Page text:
I wasn’t expecting anything else, so I kind of knew this would be my box of goodies. I weighed up whether it was worth my while actually paying for the box, and figured that the nice people at Strava would probably refund the cost, as they wouldn’t want me to have to fork out my own money for what was actually a thank you gift. My wife said I shouldn’t get it and should tell Strava about the fee first.

I didn’t listen to her. I’m sorry to say that my boyish excitement led me to defy my wife (I really don’t do it very often) and I went to the post office building, and asked the guy on reception what the deal was with the fee. It turns out that anything sent from outside the EU incurs a charge if the value of the package exceeds £15. What a ridiculous way for the government to increase its revenues (in my view)…especially when it is a package from a country we apparently have a ‘special relationship’ with. But don’t get me started, or I’ll rant…and ranting isn’t nice.

Reluctantly I paid the stupid fee, and got to open my box. Inside, I had a veritable feast of Strava branded goodies – a white Strava/saucony technical t-shirt (very thin and a bit see through though), some bright orange Strava shoelaces, a Strava waterbottle and something called a jersey bin. I currently have no idea what a jersey bin is, but it seems to me to be a see through small plastic wallet, perhaps to put keys in or something? If you know what a jersey bin is used for, please let me know. I haven’t got round to googling it yet!

I was chuffed! I’ve worn the t-shirt on every run I’ve been on since and feel that even though I have yet to hear from Strava about potentially refunding my outlay on the freebies from the Post Office, I’ve got good value from paying the fee.

I thanked Strava for the goodies, and got another reply back asking me if I’d consider being something called a Strava Ambassador. It turns out that usually people have to apply to be an ambassador, which is a voluntary role, and really should just be an extension of being an active member of the running/riding community, posting lots of your activities to your blog (hence the link to my runs and rides on this blog), using Strava as you already do, telling friends and family about Strava and being a considerate road and path user when you’re out running or cycling. Part of the commitment on my part as well is to be available at any events Strava put on locally (none I know of yet), wear my Strava running kit often (which I have yet to receive…and hope I don’t have to pay for that at the Post Office too!), and give feedback on changes being developed and made on the Strava site (exciting!).

My Strava profile page

My Strava profile page

In return, Strava provide some benefits to Strava ambassadors, including complimentary Strava premium subscription for a year (which has just been implemented on my account, very exciting!), free stash (as above, I have yet to receive this, but am excited about new, cool running gear to wear, and some that I can give away to other athletes in the local community), the opportunity to be a guest author on the Strava blog (which would be very cool) and you even get a special little Ambassador badge on my profile on the Strava website.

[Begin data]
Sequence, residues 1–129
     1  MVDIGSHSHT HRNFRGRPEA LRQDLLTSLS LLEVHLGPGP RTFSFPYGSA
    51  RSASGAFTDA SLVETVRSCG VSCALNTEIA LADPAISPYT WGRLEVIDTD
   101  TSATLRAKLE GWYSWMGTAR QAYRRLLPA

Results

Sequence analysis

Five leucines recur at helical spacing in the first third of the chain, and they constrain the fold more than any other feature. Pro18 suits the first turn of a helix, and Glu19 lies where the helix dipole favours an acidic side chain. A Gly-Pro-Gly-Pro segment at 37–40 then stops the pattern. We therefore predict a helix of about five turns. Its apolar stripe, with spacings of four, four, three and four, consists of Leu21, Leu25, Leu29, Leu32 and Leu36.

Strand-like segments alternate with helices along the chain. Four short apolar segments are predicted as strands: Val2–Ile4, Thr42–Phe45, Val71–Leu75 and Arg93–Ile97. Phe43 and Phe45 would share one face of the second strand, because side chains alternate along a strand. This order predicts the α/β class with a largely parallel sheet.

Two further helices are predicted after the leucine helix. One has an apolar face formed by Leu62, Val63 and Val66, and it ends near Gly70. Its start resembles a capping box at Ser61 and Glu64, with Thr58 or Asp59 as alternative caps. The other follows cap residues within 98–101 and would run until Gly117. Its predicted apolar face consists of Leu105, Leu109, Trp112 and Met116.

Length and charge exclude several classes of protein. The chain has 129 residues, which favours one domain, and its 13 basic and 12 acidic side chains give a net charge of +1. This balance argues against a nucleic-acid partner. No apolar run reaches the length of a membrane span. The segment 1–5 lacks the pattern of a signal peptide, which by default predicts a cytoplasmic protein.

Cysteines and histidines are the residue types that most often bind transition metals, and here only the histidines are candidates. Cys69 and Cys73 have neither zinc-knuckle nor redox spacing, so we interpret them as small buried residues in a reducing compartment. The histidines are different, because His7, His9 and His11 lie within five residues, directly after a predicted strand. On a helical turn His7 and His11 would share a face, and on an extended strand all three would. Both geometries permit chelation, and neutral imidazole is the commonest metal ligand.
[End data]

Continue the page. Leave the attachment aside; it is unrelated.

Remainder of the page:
Now, it goes without saying that this would never have happened if I didn’t have a blog and didn’t write my thoughts about things. It also would never have happened if my good friend, Tom, hadn’t suggested that I send my article to Strava (I owe him one!).

I’m enjoying my role as a voluntary Strava ambassador and hope to have lots of exciting things to blog about here during my tenure. I feel responsible for acting sensibly out on the roads and paths, and this role gives me more accountability for acting like I hope I would when I inevitably am not let out in front of a car at a junction, or aren’t seen by some walkers blocking my way!

If you haven’t yet explored Strava and seen how much fun it is, I’d urge you to download the free app, register on the website, and take your Garmin/smartphone out on a run or ride using Strava. See how you stack up on segments around the world and go for new PRs…you never know, you could become the Course Record holder for a run or King or Queen of the Mountain for a cycling segment! (And the best bit is you can create your own segments too!)

Here are my run and ride links for my commute to and from work yesterday (notice that on my ride I did a loop of the University campus which is a specific segment…I really worked hard to get a top 3 time!)

The ride in to work in the morning: (mostly wind assisted)

The run(s) home in the evening: and (barefooting for just over a mile for the last leg of my journey home) – both runs were mostly into the wind…and it was a strong one!

I wanted to explain the reasons for my links to my runs and rides and hopefully now you’ll see that it is one of the things I’ve been asked to do as a Strava ambassador. I also wanted to disclose that I am a Strava ambassador and hence that’s part of why I talk about Strava sometimes on my blog. I don’t get paid for it though, and if there’s something I don’t like about Strava, I’d blog about that too (after I’d told Strava what I don’t like so they can try to rectify it – I don’t personally think moaning about something is a good idea if you haven’t tried to resolve an issue first!). I hope that this won’t get in the way of my blogging freedom, and instead help you as my audience to understand more about my running and riding habits, goals, performances and help me be accountable to you for getting out there in the great outdoors!

I can’t wait to get out this weekend for a longer bike ride with Tom – just hope I can keep up!

Enjoy your weekend, and have a good run/ride!



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This entry was posted on April 19, 2013 by in Barefoot running and tagged , , , , , , , .